That sudden enlightenment was the spark that ignited and gave birth to the enterprise. I was going to take that piece and develop it into a whole book. But now, I needed more—much more. I spent the following week on an outline—not too detailed, but deeper than a PowerPoint chart. I began writing during the following week.
Now, the initial piece was no longer suitable. It was no longer a stand-alone; it was a first chapter or two within a larger universe. It had to be rewritten. Over time, as more pages started accumulating, I realized that my outline had become obsolete. It required a tune-up—or better! It required an overhaul, a new engine. The storyline deviated too far, away from my original thoughts. Characters and events began living their own life, and as I started to live inside their souls, I began breathing the same air, living inside their flesh. They were now real people, making up their own minds, controlling their own destiny. My outline had lost its sway.
Still, the fact that it was still there, watching the story from the periphery, served well when the story became stuck. Yes. I did hit the wall, felt like drowning a couple of times, waited for the lifeguard to come for the rescue, and when he didn’t show up, I glanced at the outline again. It did help to set off a breakthrough even when I did not follow it to the word.
I completed the first draft in one year, but the rewrites, the revisions, the editing, and the following rewrites took another year. The final product turned very different from the initial draft. It is a much improved, very polished piece of work. Although I had written and published a highly regarded technical non-fiction book before, 72 Virgins is my first novel. My next novel, a sequel, will probably take a single year from start to finish. The main characters starring in it are still alive—no need to start developing them from scratch, the story is already in my head, and the experience I have gained through the writing of 72 Virgins will, no doubt, be a great asset that will come to the rescue whenever the next mental paralysis makes an attempt to re-emerge.
If you are not (yet) a best selling author, an established expert, or a known celebrity, you are going to be ignored or face rejections when trying to find a literary agent or a publisher. If you had written or about to write a non-fiction book, you will not get attention unless you have already established yourself as an authority in that particular subject or field. If you had written a novel, you should let a Simon-Cowell-type person read it before you set your eyes on getting it published. If your manuscript is of high quality, and Simon approves, then you may try Self-Publishing, but only if you have the budget to carry the endeavor all the way through. That journey does not end with the printing of the book; it includes professional editing, cover design, typesetting, and above all-—marketing. Without a reasonable marketing budget, your book will get lost in the decimal dust. No one will know about it, except your close family and friends. It may be the greatest masterpiece of the century, but it will remain anonymous, lonely and cold. However, if you don’t care about sales, then forget about the marketing part, take it out of your budget and don’t bother. Still, you wouldn’t want your friends and family to say things, and smirk behind your back, so you must ensure quality even if you merely get it published as a medal for your undersized ego.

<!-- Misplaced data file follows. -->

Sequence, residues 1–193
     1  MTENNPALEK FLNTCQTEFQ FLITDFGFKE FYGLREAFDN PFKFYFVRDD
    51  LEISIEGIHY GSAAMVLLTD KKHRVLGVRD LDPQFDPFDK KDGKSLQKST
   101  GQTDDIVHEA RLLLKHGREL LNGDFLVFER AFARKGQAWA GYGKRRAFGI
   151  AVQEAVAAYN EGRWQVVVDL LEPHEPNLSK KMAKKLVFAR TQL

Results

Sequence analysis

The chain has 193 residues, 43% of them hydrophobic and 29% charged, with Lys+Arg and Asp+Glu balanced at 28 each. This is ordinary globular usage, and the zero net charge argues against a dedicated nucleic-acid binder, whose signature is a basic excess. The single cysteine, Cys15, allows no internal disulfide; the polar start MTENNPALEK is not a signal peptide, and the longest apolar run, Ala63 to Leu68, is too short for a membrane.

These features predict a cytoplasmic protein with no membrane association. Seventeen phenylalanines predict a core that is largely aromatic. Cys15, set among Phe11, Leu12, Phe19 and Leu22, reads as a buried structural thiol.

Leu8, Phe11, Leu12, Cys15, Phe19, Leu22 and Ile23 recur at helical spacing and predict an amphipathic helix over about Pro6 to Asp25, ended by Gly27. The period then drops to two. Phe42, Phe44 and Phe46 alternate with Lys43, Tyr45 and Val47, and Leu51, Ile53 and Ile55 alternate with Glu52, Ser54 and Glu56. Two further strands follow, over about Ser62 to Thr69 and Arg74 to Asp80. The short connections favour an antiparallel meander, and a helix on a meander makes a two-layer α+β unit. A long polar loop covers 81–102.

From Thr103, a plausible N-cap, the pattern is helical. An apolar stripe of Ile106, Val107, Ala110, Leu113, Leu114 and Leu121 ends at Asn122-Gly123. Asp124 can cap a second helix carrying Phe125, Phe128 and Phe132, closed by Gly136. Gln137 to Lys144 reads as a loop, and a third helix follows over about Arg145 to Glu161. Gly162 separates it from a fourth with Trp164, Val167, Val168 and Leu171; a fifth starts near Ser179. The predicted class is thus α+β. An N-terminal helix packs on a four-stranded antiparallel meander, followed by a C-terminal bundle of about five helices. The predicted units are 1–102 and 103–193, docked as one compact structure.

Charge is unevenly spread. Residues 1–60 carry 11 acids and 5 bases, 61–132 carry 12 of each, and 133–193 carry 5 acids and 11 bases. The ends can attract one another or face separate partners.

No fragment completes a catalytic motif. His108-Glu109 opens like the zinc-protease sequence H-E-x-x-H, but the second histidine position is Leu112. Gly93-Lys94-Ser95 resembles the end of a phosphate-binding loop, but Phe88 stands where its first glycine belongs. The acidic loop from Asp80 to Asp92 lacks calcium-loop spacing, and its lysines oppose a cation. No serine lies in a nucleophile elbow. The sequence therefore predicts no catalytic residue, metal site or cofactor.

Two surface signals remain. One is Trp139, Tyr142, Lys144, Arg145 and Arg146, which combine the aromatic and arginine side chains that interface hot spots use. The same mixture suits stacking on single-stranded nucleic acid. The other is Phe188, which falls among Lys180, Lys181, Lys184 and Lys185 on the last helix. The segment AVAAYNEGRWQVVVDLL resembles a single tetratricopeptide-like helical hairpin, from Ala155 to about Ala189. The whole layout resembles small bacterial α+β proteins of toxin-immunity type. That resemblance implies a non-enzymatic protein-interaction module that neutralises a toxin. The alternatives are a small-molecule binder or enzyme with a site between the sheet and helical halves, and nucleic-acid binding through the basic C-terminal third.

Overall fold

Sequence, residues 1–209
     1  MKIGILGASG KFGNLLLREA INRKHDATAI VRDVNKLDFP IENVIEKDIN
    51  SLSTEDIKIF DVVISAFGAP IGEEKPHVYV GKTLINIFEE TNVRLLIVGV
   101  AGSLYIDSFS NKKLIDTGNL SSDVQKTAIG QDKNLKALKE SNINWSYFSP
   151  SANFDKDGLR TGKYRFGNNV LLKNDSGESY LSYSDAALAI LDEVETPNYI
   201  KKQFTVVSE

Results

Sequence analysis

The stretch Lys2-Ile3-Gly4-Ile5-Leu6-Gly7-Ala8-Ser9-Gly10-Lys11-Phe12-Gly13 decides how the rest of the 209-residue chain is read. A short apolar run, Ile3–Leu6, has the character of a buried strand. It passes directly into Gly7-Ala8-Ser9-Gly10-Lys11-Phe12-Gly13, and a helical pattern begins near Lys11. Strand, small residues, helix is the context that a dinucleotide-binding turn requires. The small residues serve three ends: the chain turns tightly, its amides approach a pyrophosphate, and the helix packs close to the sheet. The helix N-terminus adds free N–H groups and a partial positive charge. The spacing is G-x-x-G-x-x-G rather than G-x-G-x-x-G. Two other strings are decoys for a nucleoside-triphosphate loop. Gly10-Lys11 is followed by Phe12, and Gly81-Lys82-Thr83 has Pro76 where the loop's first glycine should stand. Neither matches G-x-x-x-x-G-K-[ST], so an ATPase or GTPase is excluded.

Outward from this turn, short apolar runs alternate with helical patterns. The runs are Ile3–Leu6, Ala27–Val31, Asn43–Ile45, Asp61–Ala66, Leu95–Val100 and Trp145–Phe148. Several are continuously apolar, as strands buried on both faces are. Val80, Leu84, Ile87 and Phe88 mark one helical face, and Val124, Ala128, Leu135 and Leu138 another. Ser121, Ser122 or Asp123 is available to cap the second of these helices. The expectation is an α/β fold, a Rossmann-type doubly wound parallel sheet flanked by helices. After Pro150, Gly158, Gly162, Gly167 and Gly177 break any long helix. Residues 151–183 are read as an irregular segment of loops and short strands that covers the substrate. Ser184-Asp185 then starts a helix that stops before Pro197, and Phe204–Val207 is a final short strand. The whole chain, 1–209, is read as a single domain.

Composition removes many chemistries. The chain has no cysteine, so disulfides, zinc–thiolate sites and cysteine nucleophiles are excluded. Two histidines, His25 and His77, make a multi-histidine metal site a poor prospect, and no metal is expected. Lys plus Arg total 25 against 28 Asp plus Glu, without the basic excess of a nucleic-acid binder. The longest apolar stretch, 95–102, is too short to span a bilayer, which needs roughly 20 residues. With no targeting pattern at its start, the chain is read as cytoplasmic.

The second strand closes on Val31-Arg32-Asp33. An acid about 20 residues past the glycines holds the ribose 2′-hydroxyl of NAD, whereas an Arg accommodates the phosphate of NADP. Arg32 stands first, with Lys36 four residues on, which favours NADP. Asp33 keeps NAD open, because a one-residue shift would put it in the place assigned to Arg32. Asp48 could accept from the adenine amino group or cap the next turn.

So, your undersized ego keeps nagging you —“you realize, my friend, that you are already older than the president of the US. What have you accomplished in your miserable, irrelevant life? Did you make any contribution to humanity other than adding to Global warming, turning on your air-conditioning unit in the kitchen even when you could cook outdoors?”
Well. I can write, you whisper in your own ear. I can still remedy this situation—to a degree, of course. I can become a published author, you think.
Writing, and writing well, is only a small step in the path to the Promised Land, where your masterpiece becomes published, then read by an audience, who may or may not recognize and appreciate your special talent. But even though you think you can write well, you might be shocked at the discovery that you are not perfect. I know. You were confident that your writing was flawless; your spellchecker caught and fixed your typos, your words and phrases were expressive, your dialogs were relevant, your punctuations and prepositions were the envy of your German-born English teacher. Hell, no! Those trifling errors kept sneaking into your manuscript. You didn’t realize it until your little fifth grader, after reading your Preface section, pointed out that she did not understand the sentence: “seize to exist.” “Shouldn’t it be “cease to exist” instead?” she asked. “And how do you “hit the breaks?” Shouldn’t you say—“hit the brakes?”
Oops. This dumb spellchecker; it’s its fault, not yours. Well, you’d better find someone who would spare the embarrassment that would turn off your potential audience, joke about your silly writing style, and ruin your reputation for the rest of your irrelevant life. Your confidence got shaken a bit—you just experienced your first lesson on the way to becoming a published author.